Myers, C.G. (2016). Antecedents and performance benefits of reciprocal vicarious learning in teams. Academy of Management Proceedings, 2016. https://doi.org/10.5465/ambpp.2016.55
Received the 2016 MOC Division Best Dissertation-based Paper Award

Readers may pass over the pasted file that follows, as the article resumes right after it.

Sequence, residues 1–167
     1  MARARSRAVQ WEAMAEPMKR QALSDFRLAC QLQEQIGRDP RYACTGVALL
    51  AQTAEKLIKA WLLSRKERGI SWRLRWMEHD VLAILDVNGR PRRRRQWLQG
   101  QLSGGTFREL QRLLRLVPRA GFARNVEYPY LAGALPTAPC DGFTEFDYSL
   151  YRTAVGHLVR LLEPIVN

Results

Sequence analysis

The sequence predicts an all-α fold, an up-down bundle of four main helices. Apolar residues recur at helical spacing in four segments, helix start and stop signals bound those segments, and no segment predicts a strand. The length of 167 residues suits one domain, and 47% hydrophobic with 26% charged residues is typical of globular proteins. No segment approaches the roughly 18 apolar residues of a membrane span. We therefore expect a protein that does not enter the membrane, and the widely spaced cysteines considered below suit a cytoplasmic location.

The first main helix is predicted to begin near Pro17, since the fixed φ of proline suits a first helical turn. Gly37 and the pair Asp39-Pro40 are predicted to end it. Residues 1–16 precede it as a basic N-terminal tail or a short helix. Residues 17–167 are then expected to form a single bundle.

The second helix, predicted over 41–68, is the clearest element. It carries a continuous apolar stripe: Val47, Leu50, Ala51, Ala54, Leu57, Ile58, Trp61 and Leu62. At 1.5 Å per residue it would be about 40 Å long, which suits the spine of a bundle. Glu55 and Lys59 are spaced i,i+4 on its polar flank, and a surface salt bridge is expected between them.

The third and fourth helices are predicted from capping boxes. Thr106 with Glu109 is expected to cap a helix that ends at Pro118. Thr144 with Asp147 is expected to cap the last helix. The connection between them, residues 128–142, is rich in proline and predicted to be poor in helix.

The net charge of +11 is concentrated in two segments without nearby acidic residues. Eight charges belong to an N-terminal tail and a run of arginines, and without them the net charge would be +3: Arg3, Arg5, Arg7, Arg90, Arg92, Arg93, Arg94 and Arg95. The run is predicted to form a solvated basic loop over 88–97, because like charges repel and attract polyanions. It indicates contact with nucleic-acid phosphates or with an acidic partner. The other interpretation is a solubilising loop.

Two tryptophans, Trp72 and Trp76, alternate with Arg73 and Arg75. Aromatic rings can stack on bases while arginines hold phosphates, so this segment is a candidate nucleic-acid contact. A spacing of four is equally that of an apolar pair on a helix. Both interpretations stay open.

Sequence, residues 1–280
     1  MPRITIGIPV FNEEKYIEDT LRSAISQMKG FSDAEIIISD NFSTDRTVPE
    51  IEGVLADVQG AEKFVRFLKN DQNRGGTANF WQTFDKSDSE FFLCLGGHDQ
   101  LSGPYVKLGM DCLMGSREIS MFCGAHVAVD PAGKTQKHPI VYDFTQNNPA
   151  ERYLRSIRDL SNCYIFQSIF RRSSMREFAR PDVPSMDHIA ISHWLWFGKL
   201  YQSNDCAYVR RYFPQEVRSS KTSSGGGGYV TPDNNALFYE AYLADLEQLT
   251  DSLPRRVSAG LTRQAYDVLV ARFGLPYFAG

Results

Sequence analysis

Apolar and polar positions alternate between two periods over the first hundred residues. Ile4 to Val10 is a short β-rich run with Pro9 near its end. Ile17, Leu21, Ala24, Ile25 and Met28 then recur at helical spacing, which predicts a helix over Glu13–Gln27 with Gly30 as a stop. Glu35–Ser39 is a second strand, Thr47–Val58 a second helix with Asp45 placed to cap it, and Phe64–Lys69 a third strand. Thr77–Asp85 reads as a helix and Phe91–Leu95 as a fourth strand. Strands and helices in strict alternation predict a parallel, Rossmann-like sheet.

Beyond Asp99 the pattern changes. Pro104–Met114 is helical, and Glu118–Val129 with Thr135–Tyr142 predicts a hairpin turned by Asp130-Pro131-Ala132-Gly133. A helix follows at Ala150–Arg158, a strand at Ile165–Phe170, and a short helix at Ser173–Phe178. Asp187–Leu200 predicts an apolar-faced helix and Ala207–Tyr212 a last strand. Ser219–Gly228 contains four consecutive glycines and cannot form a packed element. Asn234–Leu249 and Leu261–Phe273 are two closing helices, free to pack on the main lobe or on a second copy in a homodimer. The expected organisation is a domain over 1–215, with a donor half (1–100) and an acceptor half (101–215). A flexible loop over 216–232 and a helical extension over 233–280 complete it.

Vicarious learning - the process by which an individual learns from another’s experience - has long been recognized as a source of development and performance improvement in organizations, at both individual and collective levels. Yet existing perspectives on this critical learning process have been fairly limited, typically casting vicarious learning as a simplistic, one- way process of observation and imitation. Building on network- based views of learning in teams, this paper challenges existing views by examining the causes and consequences of reciprocity in vicarious learning relationships - the degree to which each individual learns from the other’s experience (in contrast to the prevailing view of vicarious learning as one-way information transfer). Using a novel method for calculating weighted reciprocity, results from a multi-level study of 441 individuals in 88 consulting project teams demonstrate that individuals’ degree of reciprocity in their vicarious learning relationships with other team members is positively influenced by shared norms for learning in the team, although this influence was attenuated by individuals’ intrinsic other-focused motives for learning (i.e., a desire to learn in order to help others), which served as a compensatory driver of reciprocity. Moreover, team-level analyses revealed that greater reciprocation of vicarious learning within a team - above and beyond other aspects of a team’s vicarious learning network (i.e., density and centrality) - was associated with increased team performance, both directly and indirectly (by enhancing the performance benefit of the team’s external learning activities).